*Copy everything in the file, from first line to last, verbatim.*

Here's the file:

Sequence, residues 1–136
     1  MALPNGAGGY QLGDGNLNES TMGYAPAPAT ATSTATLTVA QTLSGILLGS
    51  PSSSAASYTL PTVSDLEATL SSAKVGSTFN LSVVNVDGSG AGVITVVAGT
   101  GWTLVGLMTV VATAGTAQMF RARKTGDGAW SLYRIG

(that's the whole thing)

Sequence, residues 1–136
     1  MALPNGAGGY QLGDGNLNES TMGYAPAPAT ATSTATLTVA QTLSGILLGS
    51  PSSSAASYTL PTVSDLEATL SSAKVGSTFN LSVVNVDGSG AGVITVVAGT
   101  GWTLVGLMTV VATAGTAQMF RARKTGDGAW SLYRIG